Snøhetta Produces Conceptual Renderings of a Full-Scale Ship Tunnel in Norway
Oslo-based Architecture and Design Office Snøhetta has produced a conceptual design for the world’s first full-scale ship tunnel. The tunnel is supposed to link two fjords on both sides of the Stad Peninsula in Norway, keeping the ships safe while passing through the “most exposed, most dangerous” area of Norway’s coast. The Norwegian Coastal Administration has released Snøhetta’s conceptual renderings, in efforts to gain acceptance for the project which is still in the feasibility stage.
The Stad Ship Tunnel will be 1.7-kilometer-long, 36-meter-wide, and 49-meter-tall, making it suitable for use by large boat-like cruise ships, sailboats, and coastal steamers. It is expected to be used by 70 to 120 ships per day. Snøhetta has collaborated with Olav Olsen of Norwegian consulting firm Norconsult and created the design of the entrances using materials from the surrounding context. The archways will be made of wire-cut and blasted stones, influenced in their design by the regions’ natural landscape.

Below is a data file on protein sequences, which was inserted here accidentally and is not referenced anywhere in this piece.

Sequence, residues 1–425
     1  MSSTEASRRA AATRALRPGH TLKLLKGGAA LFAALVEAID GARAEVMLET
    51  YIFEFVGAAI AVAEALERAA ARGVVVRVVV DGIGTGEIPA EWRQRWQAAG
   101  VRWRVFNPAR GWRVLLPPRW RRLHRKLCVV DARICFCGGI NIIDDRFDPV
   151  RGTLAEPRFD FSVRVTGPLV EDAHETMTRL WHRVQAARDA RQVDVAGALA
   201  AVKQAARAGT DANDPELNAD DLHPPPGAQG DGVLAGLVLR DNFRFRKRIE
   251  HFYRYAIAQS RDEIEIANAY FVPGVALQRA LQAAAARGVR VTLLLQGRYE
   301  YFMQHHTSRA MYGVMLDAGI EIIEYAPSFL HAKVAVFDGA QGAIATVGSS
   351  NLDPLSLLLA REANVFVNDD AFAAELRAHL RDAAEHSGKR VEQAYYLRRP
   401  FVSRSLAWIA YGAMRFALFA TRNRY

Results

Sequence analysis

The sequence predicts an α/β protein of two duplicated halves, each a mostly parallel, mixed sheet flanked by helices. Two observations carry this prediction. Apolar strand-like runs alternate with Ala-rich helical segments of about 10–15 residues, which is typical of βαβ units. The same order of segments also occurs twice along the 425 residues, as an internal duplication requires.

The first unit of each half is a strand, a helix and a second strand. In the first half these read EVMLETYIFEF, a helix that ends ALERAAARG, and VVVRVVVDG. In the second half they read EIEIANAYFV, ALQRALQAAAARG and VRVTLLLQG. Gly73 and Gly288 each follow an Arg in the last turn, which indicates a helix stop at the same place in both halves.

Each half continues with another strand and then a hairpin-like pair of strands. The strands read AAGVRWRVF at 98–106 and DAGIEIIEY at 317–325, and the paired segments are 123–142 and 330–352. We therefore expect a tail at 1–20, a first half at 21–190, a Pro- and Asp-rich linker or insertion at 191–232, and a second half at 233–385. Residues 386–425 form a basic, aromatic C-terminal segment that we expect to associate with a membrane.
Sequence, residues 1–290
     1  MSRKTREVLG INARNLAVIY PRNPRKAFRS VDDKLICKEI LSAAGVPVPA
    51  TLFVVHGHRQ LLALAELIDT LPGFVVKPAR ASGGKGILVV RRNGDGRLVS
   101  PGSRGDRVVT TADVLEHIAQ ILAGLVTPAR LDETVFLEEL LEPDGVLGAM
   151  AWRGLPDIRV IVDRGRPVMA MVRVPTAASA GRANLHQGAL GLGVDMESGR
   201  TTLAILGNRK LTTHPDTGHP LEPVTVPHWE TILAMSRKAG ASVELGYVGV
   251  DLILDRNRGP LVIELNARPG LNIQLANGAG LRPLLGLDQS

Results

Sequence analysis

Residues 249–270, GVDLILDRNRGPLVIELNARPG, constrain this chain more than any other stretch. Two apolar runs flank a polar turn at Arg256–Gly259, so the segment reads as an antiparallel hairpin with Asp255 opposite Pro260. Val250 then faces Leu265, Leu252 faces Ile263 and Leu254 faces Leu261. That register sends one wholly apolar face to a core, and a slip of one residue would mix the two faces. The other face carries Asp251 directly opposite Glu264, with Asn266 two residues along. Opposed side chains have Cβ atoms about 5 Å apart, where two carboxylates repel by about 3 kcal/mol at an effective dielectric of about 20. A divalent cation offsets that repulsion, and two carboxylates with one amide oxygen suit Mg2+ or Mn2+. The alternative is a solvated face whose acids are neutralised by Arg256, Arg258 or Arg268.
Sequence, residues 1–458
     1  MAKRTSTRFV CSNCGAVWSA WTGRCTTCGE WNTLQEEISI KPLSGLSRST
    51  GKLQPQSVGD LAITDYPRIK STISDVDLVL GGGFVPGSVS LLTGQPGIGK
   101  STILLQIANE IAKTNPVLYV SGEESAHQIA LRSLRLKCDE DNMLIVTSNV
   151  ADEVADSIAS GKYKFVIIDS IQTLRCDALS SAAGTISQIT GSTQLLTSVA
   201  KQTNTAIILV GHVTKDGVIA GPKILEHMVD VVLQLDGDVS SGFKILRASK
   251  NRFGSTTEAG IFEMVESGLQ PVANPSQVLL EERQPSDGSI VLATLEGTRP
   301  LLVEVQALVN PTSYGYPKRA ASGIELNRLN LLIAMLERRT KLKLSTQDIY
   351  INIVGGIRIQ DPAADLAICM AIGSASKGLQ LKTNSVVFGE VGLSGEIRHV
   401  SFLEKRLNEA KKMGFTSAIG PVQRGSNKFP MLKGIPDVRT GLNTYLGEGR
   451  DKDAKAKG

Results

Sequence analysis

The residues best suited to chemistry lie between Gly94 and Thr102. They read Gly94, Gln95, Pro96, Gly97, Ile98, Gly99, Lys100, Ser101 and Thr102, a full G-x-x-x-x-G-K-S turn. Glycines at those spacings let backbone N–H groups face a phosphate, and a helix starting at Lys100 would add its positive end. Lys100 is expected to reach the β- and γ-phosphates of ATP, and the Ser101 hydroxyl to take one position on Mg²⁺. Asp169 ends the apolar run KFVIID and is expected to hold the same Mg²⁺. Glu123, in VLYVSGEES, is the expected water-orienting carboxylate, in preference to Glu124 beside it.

As matter of fact, the idea of a tunnel through the Stad Peninsula is far from new. It has been there since the 1870s, and possibly since the time of the Vikings. The project is expected to cost NOK 2.3 billion, which is equivalent to $270 million, and take about 3-4 years of construction. If granted permission in time, the construction works shall commence in 2019.